Latest KFF Health News Stories
A recent study found that young Black males are substantially more likely to be underdiagnosed and undertreated for the neurological condition than white peers.
Some gubernatorial candidates are sparring over bragging rights for their state’s share of $50 billion in opioid settlement funds. Many of the candidates are attorneys general who pursued the lawsuits that produced the payouts.
Completing a routine depression screening questionnaire during an annual checkup is cost-free under federal law. But, as one woman discovered, answering a doctor’s follow-up questions might not be.
Safe storage maps show gun owners where to put their firearms for safekeeping if they experience a mental health crisis. The idea has support among some gun enthusiasts, but legal obstacles threaten wider adoption.
A new, rapid genetic test shows promise in increasing diagnoses and improving treatment for some children with rare genetic conditions. Many insurers won’t cover it, but Florida’s Medicaid program is among those that see benefits — and, potentially, savings.
Que Medicaid cubra la prueba puede expandir significativamente el acceso para los bebés; el programa de salud federal gerenciado por los estados que asegura a las familias de bajos ingresos y que cubre a más del 40% de los niños en su primer año de vida.
Some Social Security beneficiaries say the government is clawing back benefits after they received covid stimulus payments that were supposed to be exempt from asset limits.
A rise in cases of Vibrio vulnificus and its spread northward have heightened concern about the bacterium, which can cause human tissue to rot and skin to decay. The Centers for Disease Control and Prevention is trying to make more doctors aware of the dangerous pathogen.
Ballad Health, the only hospital system across a large swath of Tennessee and Virginia, has fallen short of quality-of-care and charity care obligations — even as it’s sued thousands of patients for unpaid bills.
Lawmakers are faulting the Social Security Administration for issuing billions of dollars of payments that beneficiaries weren’t entitled to receive — and then demanding the money back — in the wake of an investigation by KFF Health News and Cox Media Group.
Parents, educators, and elected officials agree that investing in school-based prevention efforts could help curb the rising rate of youth drug overdoses. The well-known D.A.R.E. program is one likely choice, but its effectiveness is in question.
KFF Health News and California Healthline staff made the rounds on national and local media this week to discuss their stories. Here’s a collection of their appearances.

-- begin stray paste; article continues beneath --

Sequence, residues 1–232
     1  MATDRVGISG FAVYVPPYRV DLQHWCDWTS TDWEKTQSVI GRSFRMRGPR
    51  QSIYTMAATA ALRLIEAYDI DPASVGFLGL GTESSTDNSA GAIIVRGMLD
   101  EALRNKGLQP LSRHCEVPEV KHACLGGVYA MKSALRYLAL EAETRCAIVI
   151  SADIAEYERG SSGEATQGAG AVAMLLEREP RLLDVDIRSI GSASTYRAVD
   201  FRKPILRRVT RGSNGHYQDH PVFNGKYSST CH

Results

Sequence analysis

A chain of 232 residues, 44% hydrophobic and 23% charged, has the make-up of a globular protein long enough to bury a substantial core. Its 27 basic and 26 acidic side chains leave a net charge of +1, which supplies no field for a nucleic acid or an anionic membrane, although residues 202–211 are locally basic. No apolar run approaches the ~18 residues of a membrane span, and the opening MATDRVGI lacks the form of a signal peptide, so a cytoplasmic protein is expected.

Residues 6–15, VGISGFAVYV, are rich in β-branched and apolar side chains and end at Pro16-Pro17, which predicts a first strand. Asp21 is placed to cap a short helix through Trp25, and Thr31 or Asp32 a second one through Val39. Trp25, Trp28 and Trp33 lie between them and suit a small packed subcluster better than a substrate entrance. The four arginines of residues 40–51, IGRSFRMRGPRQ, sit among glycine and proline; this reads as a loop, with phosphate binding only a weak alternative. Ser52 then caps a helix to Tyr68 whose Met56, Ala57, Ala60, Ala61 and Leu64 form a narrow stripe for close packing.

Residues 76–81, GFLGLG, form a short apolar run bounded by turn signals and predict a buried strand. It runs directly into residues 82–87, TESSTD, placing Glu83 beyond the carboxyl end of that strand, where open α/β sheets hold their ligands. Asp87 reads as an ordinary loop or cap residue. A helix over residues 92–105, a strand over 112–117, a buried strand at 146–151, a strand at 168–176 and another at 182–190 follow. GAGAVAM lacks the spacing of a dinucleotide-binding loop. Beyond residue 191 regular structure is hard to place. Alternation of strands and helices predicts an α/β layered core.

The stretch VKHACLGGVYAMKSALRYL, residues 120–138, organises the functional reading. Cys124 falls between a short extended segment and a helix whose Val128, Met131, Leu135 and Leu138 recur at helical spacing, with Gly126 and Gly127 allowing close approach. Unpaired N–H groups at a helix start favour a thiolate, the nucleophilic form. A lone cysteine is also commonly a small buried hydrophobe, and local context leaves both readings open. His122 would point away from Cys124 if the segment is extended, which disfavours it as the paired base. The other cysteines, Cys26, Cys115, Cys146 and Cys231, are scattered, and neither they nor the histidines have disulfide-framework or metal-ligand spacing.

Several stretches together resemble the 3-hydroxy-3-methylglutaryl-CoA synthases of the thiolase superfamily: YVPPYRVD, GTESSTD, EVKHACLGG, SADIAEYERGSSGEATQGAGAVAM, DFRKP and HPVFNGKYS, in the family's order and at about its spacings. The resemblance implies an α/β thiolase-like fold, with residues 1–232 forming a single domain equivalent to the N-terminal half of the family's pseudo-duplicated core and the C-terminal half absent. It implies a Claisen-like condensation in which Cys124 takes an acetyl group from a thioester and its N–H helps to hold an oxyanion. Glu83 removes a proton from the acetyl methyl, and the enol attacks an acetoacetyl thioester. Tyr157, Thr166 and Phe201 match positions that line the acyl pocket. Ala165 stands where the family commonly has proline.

No existen normas federales para proteger a los trabajadores cuando los días son excesivamente calurosos. Y sin el apoyo bipartidista del Congreso, incluso con la atención urgente de la administración Biden, es posible que el alivio no llegue en años.
Studies suggest official numbers vastly underestimate heat-related injuries and illness on the job. To institute protections, the government must calculate their cost — and the cost of inaction.
The medical dangers of heat are real. But people often ignore public heat alerts or don’t realize how vulnerable they are. A new alert system prompts clinicians to talk about heat with patients.
To contain the opioid crisis, health and law enforcement agencies have turned to technology to monitor doctor and patient prescription data. Experts have raised questions about how these systems work and worry about their accuracy and potential biases. Some patients and doctors say they’re being unfairly targeted.
Mandy Cohen, the new director of the Centers for Disease Control and Prevention, earned praise for her leadership and communication as the face of North Carolina’s response to covid-19. People in the state’s most vulnerable communities tell a more complicated story.
Prior authorization is a common tool used by health insurers for many tests, procedures, and prescriptions. Frustrated by the process, patients and doctors have turned to social media to publicly shame insurance companies and elevate their denials for further review.
No local hospital and anemic ambulance services mean residents in rural Pickens County, Alabama, are thrown into perilous situations when they have medical emergencies. It’s a kind of medical care roulette that has become a fact of life for rural Americans who live in ambulance deserts.
An analysis of court records by the state treasurer and Duke researchers finds Atrium Health, originally a public hospital system, accounted for almost a third of the legal actions against North Carolina patients over roughly five years.